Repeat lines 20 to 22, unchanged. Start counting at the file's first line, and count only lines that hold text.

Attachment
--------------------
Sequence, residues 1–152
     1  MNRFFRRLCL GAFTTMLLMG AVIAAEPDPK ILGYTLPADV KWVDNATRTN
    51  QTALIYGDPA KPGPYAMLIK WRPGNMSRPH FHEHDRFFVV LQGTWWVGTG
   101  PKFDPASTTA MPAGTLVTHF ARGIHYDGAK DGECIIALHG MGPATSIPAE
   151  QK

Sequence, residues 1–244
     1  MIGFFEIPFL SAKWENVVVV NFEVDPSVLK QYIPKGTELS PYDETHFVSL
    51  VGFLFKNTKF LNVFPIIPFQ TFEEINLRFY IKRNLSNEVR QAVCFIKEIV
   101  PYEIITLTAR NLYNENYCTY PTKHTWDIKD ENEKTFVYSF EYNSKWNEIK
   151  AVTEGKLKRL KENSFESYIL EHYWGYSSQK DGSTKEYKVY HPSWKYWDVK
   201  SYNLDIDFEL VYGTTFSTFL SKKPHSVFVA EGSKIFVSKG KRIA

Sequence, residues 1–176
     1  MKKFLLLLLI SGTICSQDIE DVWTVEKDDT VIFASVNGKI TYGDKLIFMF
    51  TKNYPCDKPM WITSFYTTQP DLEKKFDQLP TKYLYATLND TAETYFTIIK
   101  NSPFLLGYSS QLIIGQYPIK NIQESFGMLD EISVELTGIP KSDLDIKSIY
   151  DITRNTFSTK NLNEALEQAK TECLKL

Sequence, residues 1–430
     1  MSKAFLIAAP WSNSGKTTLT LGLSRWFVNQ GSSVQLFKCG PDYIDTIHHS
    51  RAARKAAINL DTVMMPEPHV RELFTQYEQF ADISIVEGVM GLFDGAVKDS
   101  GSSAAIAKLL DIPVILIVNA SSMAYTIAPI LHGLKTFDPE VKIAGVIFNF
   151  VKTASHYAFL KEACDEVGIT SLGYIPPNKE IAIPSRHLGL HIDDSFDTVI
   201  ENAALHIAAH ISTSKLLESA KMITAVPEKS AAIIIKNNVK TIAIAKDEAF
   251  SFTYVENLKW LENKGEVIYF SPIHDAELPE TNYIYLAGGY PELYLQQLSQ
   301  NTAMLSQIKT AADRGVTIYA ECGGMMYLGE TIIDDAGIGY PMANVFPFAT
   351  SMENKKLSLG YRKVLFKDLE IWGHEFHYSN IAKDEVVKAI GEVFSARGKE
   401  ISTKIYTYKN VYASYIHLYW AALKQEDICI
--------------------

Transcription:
   101  GSSAAIAKLL DIPVILIVNA SSMAYTIAPI LHGLKTFDPE VKIAGVIFNF
   151  VKTASHYAFL KEACDEVGIT SLGYIPPNKE IAIPSRHLGL HIDDSFDTVI
   201  ENAALHIAAH ISTSKLLESA KMITAVPEKS AAIIIKNNVK TIAIAKDEAF